It has also by now surpassed the conservative target for the end of C at the 0.618 Fibonacci extension of A (at 18.24). 

Once the pattern is complete the market usually reverses or undergoes a substantial correction. 

The Relative Strength Index (RSI) is converging quite acutely with price, which is a sign the downtrend could be losing momentum. Although in 2024 price has pushed below the level of the 2023 lows, RSI has not followed suit. This non-correlation can be a precursor to a recovery. However, given there has been no reaction from price yet, it merely constitutes supplementary evidence the downtrend may be waning, rather than anything concrete. 

An actual turnaround in the price itself would be necessary to support the view a change is on the horizon, and that is still lacking. 

Mexican Peso FAQs

The Mexican Peso (MXN) is the most traded currency among its Latin American peers. Its value is broadly determined by the performance of the Mexican economy, the country’s central bank’s policy, the amount of foreign investment in the country and even the levels of remittances sent by Mexicans who live abroad, particularly in the United States. Geopolitical trends can also move MXN: for example, the process of nearshoring – or the decision by some firms to relocate manufacturing capacity and supply chains closer to their home countries – is also seen as a catalyst for the Mexican currency as the country is considered a key manufacturing hub in the American continent. Another catalyst for MXN is Oil prices as Mexico is a key exporter of the commodity.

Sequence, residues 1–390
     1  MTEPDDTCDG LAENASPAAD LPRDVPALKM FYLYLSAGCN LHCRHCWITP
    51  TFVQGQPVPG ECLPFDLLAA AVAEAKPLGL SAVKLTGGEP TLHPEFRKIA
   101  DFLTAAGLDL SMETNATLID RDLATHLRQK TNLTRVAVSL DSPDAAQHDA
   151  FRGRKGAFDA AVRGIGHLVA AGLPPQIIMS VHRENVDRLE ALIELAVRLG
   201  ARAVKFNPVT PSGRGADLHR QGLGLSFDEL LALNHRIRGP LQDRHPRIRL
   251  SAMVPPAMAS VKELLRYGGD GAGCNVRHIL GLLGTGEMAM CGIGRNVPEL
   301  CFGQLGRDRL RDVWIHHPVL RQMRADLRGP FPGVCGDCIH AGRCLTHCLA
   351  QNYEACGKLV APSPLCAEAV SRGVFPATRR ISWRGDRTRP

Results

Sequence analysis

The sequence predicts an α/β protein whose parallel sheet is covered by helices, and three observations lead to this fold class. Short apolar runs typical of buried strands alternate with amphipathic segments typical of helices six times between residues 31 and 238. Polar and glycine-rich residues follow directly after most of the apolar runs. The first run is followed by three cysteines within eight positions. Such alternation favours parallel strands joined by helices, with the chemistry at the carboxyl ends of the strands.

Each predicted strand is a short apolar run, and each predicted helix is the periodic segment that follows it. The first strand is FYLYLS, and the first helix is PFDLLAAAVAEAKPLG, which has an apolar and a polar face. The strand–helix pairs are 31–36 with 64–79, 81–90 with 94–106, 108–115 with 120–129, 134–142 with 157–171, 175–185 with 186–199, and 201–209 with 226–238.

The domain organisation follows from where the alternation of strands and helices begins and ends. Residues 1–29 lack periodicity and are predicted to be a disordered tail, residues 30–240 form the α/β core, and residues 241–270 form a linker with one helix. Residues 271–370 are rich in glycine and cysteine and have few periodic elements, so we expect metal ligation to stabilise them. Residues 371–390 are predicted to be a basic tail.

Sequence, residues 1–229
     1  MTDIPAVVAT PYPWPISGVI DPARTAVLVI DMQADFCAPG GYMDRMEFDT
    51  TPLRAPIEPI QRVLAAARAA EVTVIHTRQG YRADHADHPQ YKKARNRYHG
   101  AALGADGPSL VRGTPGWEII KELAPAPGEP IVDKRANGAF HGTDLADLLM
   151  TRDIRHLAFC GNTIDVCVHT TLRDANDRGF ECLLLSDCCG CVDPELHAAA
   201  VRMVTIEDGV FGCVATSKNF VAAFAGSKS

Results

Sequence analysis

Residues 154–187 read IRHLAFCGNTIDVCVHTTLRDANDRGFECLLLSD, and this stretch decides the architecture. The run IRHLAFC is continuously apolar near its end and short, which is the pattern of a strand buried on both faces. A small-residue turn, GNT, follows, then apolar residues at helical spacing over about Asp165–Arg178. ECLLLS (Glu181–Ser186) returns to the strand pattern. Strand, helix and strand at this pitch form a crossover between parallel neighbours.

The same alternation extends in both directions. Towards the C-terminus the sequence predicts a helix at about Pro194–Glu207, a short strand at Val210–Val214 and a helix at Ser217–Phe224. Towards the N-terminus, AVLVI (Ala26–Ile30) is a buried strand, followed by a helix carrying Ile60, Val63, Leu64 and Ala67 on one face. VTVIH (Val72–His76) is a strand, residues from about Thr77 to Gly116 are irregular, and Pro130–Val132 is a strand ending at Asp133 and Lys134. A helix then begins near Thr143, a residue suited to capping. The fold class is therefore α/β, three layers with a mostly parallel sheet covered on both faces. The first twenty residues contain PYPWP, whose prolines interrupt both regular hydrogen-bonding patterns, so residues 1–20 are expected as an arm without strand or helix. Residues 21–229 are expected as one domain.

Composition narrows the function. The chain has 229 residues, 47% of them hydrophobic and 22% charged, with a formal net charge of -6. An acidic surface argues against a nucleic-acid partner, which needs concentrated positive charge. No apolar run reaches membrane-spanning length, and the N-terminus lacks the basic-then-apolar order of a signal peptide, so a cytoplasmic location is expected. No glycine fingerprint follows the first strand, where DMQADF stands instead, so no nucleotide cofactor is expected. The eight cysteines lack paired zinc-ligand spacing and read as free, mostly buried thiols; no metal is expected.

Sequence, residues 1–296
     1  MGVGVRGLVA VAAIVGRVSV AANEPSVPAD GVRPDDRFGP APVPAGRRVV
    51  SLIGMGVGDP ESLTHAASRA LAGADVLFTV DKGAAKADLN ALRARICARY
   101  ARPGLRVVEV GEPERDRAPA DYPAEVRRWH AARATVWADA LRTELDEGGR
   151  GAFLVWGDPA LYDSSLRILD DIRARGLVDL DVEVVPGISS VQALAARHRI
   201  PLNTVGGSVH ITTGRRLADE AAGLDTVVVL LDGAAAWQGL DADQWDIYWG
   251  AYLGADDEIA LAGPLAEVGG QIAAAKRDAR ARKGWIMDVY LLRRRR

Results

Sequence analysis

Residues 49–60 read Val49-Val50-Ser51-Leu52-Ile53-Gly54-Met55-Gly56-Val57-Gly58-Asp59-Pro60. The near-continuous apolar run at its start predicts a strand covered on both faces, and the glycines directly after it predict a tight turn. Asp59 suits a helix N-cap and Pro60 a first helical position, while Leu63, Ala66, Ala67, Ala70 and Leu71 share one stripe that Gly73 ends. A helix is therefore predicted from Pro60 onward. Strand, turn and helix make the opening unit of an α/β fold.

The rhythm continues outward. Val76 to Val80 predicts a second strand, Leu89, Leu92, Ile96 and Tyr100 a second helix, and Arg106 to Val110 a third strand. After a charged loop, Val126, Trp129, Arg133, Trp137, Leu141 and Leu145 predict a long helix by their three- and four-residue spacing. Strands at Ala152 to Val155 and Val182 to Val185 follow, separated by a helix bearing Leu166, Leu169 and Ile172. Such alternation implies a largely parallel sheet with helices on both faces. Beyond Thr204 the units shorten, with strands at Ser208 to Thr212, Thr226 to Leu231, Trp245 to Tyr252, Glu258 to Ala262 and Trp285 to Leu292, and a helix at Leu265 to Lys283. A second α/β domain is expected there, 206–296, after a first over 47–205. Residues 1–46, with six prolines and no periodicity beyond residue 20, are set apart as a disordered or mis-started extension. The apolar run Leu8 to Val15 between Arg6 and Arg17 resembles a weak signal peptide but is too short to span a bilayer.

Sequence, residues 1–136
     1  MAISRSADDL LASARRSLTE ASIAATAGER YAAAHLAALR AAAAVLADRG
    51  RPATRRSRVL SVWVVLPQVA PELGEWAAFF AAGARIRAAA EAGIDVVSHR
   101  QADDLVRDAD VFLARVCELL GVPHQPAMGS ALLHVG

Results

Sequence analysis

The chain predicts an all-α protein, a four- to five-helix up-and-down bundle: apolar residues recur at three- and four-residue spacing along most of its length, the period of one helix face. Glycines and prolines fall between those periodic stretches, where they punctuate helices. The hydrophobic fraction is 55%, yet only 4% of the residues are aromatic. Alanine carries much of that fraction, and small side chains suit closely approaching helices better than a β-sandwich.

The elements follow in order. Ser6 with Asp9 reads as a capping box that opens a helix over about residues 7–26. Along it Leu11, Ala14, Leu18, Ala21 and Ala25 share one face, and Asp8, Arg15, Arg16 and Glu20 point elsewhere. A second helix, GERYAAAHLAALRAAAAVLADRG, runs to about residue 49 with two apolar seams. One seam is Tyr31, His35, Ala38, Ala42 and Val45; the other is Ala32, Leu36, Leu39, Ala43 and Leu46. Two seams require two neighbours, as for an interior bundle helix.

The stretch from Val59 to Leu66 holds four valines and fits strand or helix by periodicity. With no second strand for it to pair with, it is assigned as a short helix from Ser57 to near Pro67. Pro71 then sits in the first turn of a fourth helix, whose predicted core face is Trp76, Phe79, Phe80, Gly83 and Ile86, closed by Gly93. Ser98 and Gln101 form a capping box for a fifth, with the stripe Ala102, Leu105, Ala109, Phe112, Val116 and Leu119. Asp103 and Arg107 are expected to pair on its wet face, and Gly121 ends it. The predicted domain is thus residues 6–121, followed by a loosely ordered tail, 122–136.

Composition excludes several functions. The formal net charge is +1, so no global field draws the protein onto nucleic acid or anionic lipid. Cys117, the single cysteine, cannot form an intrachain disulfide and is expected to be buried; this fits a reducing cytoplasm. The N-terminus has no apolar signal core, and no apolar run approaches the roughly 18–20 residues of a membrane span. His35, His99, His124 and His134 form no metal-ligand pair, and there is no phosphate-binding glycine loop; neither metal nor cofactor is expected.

The main objective of Mexico’s central bank, also known as Banxico, is to maintain inflation at low and stable levels (at or close to its target of 3%, the midpoint in a tolerance band of between 2% and 4%). To this end, the bank sets an appropriate level of interest rates. When inflation is too high, Banxico will attempt to tame it by raising interest rates, making it more expensive for households and businesses to borrow money, thus cooling demand and the overall economy. Higher interest rates are generally positive for the Mexican Peso (MXN) as they lead to higher yields, making the country a more attractive place for investors. On the contrary, lower interest rates tend to weaken MXN.

Macroeconomic data releases are key to assess the state of the economy and can have an impact on the Mexican Peso (MXN) valuation. A strong Mexican economy, based on high economic growth, low unemployment and high confidence is good for MXN. Not only does it attract more foreign investment but it may encourage the Bank of Mexico (Banxico) to increase interest rates, particularly if this strength comes together with elevated inflation. However, if economic data is weak, MXN is likely to depreciate.

As an emerging-market currency, the Mexican Peso (MXN) tends to strive during risk-on periods, or when investors perceive that broader market risks are low and thus are eager to engage with investments that carry a higher risk. Conversely, MXN tends to weaken at times of market turbulence or economic uncertainty as investors tend to sell higher-risk assets and flee to the more-stable safe havens.